In pursuit of those goals, Cooper has played an outsized role in helping disabled people achieve autonomy.
At the time of his accident, Cooper was stationed in Germany with the United States Army. He came back home to San Luis Obispo, California, and was planning to enter California Polytechnic State University to study electrical engineering. However, he didn’t think the typical wheelchair could meet the physical requirements of a student. “I was probably going to be pushing three to four miles a day. That wasn’t feasible in an 80-pound behemoth,” which was the standard at the time, Cooper said. So Cooper designed an ultralight wheelchair that could travel the distance he had to cover without destroying either the chair or himself… Continue reading.
Brandon Daveler twisted the throttle on his Yamaha and hit a jump at full speed. It was the first American Motorcyclist Association race of the 2005 season, and Daveler, a 15-year-old thrill seeker who enjoyed working on engines, was confident he could win the District 5 title. But his life changed in midair.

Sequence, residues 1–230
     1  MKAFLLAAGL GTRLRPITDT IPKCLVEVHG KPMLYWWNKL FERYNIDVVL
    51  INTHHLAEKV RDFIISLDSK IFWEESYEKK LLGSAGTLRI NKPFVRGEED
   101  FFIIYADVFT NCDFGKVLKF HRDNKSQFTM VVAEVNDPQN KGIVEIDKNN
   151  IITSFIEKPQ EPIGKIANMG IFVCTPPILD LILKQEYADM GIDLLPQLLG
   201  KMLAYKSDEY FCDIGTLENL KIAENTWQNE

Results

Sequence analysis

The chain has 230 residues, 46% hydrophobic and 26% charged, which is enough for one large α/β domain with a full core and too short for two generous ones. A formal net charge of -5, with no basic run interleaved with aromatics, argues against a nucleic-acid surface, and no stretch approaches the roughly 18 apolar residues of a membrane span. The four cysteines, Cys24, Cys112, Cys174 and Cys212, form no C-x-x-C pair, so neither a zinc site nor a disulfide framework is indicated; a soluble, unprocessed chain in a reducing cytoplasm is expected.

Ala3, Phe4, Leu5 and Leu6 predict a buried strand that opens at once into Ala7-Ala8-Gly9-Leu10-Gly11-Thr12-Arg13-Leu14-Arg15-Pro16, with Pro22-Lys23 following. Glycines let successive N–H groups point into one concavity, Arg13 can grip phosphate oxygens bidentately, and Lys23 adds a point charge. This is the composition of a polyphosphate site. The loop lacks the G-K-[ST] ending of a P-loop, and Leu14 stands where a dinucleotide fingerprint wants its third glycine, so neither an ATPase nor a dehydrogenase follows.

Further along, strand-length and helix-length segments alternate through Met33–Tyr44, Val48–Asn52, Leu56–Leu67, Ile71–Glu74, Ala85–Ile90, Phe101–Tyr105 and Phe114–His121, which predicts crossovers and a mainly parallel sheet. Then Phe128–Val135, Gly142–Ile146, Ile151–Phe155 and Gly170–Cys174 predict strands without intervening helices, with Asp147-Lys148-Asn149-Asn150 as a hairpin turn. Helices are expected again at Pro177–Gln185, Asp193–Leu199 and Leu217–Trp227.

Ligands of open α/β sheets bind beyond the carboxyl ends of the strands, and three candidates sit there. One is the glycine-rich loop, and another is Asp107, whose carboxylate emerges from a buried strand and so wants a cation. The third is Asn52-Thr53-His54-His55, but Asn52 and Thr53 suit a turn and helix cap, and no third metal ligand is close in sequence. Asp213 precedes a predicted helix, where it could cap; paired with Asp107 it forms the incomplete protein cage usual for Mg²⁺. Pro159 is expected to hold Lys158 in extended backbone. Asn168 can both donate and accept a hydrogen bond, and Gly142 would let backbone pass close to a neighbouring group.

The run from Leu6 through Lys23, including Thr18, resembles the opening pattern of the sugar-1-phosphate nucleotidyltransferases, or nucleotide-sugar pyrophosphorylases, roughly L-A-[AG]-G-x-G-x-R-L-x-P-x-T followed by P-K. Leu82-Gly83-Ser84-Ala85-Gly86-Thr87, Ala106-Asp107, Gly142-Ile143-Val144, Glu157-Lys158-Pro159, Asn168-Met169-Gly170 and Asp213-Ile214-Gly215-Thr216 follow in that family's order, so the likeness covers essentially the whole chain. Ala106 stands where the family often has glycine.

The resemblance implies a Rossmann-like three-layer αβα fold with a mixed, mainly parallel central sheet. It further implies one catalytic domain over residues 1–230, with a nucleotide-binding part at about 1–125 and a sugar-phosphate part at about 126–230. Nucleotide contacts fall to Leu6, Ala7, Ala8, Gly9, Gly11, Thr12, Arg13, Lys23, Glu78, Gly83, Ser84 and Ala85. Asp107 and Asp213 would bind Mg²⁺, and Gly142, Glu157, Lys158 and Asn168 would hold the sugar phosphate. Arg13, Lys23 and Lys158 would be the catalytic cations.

Daveler flipped over the handlebars and landed on his head. Lying on the dirt track at the Greene County Fairgrounds in southwestern Pennsylvania, he heard the announcer yell, “Red flag! Red flag!” indicating that the race had stopped. The paramedics rushed to Daveler. He felt as though he were still sitting on the bike—like his arms were still holding the handlebars. But they were at his side on the dirt. After a life flight to a Morgantown, W.Va., hospital, he learned he’d suffered a fracture to his fourth and fifth cervical vertebrae and had quadriplegia. After months of rehabilitation, he regained movement in his arms but not in his wrists or hands.